WITH AMERICAN embassies threatened or burning and the hostages still in captivity, it is difficult to remember -- or care -- that anything else of importance is going on in the Islamic countries where nearly one-third of the world's people live. But something else, intimately related to these events, is happening: a revival of Islam. Though its nature and extent are by no means clear, a better understanding of the forces at play could be of profound importance to post-crisis U.S. relations with the Muslim world.
One of the first realms to feel the effect of this revival -- and perhaps a paradigm of other changes still to come -- was, surprisingly, science. The discussion formally began at an international conference in Saudi Arabia in 1976, whose purpose was to discuss "Islamic science" -- what it is and how to do it. There are some eminent Muslim scientists who believe that science is universal and value-free and that therefore an Islamic science does not even exist. There are also people who feel that Islam's purposes would be served by such means as teaching and practicing science in Arabic, and avoiding areas of research incompatible with Islamic beliefs -- for example, the fermentation of sugar to produce alcohol. This group sees science in much the same way as the West views applied science -- as a means to achieve social goals. Increasingly though, and especially in Iran, a more extreme view, which sees basic research as intrinsically ideological, is beginning to prevail.
This group believes that Islamic science, like Islamic politics, is inseparable from Islamic religion, particularly its concept of God. This connection, according to a report in the British magazine Nature, dictates profoundly different assumptions about man's place and role in the universe. As described by Abdullah Naseef, vice rector of one of Saudi Arabia's eminent universities, Islamic science is a concept poles apart from -- indeed, almost inconceivable to -- Western science: "Aggressive rationalism is considered by Islam to be anti-human. So Islamic science does not accept the tyranny of one, supreme method." Islamic science, he continues, cannot be "fooled into believing that the method of experimental and theoretical sciences can lead to eternal truths."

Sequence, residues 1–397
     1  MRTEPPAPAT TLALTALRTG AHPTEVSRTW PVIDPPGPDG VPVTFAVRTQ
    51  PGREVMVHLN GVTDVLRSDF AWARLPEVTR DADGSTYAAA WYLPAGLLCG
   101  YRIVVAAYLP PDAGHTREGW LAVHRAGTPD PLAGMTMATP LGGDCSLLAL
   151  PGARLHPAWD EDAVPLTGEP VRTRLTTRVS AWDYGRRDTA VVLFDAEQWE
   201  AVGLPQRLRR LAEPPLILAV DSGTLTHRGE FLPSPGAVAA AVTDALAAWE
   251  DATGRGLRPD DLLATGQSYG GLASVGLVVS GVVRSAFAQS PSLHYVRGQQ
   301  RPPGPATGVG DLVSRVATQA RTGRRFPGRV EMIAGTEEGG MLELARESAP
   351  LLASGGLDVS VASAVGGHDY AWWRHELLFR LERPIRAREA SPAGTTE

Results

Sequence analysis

Iran provides an early glimpse of what such views can mean in practice. A new development plan, encompassing science, technology and education, will soon be presented to the Revolutionary Council -- assuming that the council does not disappear first. The plan redefines Iran's development as "a compound of actions that take the society closer to God." The aim is explicitly not to have a "prosperous society," but rather to "elevate human values." Beneath the revolutionary rhetoric, this means, among other things, that science and technology will no longer be imported. Research institutes in Iran that relied mainly on Western science have already been closed. The nuclear energy program and some heavy industry projects have also been shut down. Emphasis will be shifted to agriculture, cottage industry, de-urbanization and rural development.
The search for an Islamic science is unlikely to prove successful because, so far as we know, the "experimental and theoretical" method is the only route to scientific truths. Technology, applied science, is another matter, and there the search may be successful and beneficial, producing a society for more in tune with Islamic values than one imported from the West. The mistake for this country would be to dismiss what is happening in Iran and elsewhere as nothing more than a mindless rejection of modernity prompted by a few extremists. The failure to be aware of, let alone understand, the forces at work in the Muslim world has already proved costly enough.